The impact of a record: 46% of unemployed U.S. men have criminal convictions
Why clearing criminal records makes economic sense
As many OTB regulars know, for a number of years I worked specifically in and around the area of criminal legal system reform. In particular, my area of focus for most of the last two years has been “clean slate” legislation–the passing and implementation of laws that automatically seal certain criminal records when individuals meet certain criteria (typically a combination of the passage of time and avoiding recidivism). It’s estimated that 1 in 3 (or ~77 million) Americans have some form of a criminal record.1 The Brennan Center estimated in 2020 that more than 12.1 million Americans had been convicted of at least one felony and more than 45 million had at least one misdemeanor conviction.
It’s hard to overemphasize the impact of having a record, especially with the rise of the background check industry. Depending on your conviction you may lose your right to vote (either for a period of time or permanently). You may be restricted in where you can live (either for a period of time or permanently). Your record will also appear on every employment or volunteering background check for at least the next 7 years. And, in most states, there are few if any laws that prevent discrimination against people based on their criminal histories. For more details on the impacts of having a criminal record, see this fact sheet from the sentencing project.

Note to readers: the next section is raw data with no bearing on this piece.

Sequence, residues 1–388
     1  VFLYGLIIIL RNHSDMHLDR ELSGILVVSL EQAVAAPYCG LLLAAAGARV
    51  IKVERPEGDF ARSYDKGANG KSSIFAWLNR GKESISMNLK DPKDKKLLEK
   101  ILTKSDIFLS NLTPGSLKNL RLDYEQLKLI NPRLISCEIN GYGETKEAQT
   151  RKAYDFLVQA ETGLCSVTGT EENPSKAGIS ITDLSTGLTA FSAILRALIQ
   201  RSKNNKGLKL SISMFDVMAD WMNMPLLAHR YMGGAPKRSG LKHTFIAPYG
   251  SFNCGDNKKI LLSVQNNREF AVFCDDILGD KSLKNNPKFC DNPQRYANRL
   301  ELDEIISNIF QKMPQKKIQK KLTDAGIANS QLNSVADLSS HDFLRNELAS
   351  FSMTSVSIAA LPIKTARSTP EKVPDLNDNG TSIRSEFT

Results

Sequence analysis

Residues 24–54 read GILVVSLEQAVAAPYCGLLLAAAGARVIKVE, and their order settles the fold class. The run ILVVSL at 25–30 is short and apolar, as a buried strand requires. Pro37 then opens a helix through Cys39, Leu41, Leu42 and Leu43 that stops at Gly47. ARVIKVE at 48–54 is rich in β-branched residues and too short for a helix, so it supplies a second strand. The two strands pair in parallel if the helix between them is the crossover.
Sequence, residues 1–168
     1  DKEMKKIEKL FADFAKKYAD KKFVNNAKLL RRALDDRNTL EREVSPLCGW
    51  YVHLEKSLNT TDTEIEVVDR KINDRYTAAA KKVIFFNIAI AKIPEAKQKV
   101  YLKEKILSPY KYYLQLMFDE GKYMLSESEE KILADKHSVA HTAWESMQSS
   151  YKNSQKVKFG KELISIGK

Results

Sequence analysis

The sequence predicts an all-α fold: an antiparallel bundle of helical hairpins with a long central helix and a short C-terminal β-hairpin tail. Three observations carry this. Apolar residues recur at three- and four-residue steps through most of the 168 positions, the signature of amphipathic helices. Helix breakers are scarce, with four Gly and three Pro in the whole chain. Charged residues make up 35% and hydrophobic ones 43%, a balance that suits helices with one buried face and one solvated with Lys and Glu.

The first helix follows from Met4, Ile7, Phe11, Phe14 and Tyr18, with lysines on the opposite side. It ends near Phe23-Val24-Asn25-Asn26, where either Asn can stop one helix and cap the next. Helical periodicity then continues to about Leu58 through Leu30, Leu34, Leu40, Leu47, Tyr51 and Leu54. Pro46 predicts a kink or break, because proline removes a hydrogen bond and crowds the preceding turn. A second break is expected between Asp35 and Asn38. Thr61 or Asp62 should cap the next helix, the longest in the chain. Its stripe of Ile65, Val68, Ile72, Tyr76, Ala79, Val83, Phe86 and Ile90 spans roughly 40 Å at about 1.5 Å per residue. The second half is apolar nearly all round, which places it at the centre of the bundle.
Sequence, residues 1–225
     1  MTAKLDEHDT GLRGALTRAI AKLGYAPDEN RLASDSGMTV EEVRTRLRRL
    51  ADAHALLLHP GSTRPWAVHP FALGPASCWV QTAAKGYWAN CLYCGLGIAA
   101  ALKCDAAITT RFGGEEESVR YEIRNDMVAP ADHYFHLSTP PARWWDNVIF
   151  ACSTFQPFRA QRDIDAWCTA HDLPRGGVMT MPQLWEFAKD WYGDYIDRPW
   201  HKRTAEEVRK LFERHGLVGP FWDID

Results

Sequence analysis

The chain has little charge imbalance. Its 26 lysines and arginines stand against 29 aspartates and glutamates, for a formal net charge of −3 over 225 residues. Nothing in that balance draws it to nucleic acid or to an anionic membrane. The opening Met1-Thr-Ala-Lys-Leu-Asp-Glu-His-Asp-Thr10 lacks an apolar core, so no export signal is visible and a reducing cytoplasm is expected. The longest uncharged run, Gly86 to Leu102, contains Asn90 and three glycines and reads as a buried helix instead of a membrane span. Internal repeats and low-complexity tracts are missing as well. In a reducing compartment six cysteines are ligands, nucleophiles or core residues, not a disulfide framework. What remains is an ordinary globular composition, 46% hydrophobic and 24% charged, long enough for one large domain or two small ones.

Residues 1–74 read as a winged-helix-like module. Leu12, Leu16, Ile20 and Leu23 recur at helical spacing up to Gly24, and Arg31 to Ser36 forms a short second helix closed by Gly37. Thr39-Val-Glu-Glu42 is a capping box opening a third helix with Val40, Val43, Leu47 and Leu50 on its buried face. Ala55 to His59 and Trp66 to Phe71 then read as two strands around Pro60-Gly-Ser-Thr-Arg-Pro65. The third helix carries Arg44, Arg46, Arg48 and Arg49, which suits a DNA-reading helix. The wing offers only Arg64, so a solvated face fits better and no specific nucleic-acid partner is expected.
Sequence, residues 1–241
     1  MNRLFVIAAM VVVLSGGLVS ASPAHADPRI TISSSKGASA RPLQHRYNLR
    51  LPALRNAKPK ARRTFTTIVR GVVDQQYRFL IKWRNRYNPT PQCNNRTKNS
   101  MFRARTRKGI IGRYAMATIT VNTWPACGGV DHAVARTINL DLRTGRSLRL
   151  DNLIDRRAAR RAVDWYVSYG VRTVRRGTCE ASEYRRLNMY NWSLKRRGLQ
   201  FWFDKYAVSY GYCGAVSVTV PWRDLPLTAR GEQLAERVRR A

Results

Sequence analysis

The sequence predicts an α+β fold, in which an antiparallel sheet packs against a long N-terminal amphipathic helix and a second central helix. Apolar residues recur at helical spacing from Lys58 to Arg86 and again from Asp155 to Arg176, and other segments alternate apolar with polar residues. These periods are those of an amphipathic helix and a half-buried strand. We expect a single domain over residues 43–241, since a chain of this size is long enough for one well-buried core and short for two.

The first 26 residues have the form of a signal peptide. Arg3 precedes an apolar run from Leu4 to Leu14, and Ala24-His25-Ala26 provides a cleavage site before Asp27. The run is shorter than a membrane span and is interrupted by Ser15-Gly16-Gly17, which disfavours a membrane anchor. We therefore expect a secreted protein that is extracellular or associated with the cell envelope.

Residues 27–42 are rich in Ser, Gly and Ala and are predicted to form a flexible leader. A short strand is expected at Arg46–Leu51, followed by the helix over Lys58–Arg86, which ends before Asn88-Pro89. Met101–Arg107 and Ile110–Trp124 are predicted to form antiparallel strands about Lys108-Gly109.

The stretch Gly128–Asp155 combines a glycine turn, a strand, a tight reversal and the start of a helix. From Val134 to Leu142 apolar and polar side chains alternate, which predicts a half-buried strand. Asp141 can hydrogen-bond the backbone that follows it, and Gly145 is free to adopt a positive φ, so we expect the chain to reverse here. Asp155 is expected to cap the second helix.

As you’ll often hear from folks living with criminal records they are “last hired and first fired.” And all of those challenges have implications for both recidivism and the use of the social safety net.
We estimate that by age 35, approximately 64% of unemployed men [95% confidence interval (54, 73)] have been arrested at least one time for a nontraffic offense as an adult, and slightly more than 46% (38, 55) have been convicted at least one time for a nontraffic offense as an adult. As shown in the Supplementary Materials, the proportion is similar for samples that cumulatively include recently unemployed and discouraged workers (those who stopped searching for work but who had searched last year) and unemployed, discouraged, and involuntary part-time workers (those working part-time who would prefer full-time work).https://www.science.org/doi/10.1126/sciadv.abj6992
In other words, the researchers estimate that 64% of unemployed men have been arrested, and 46% of those have been convicted. Additionally, they found that the rates of unemployment were consistent across racial groups with 67% of unemployed Black men, 58% of unemployed Hispanic men, and 65% of unemployed white men having a record. In other words, while racial biases exist in hiring, they appear to be trumped by biases against people with records. Science.org has a full summary of the methodology and findings here.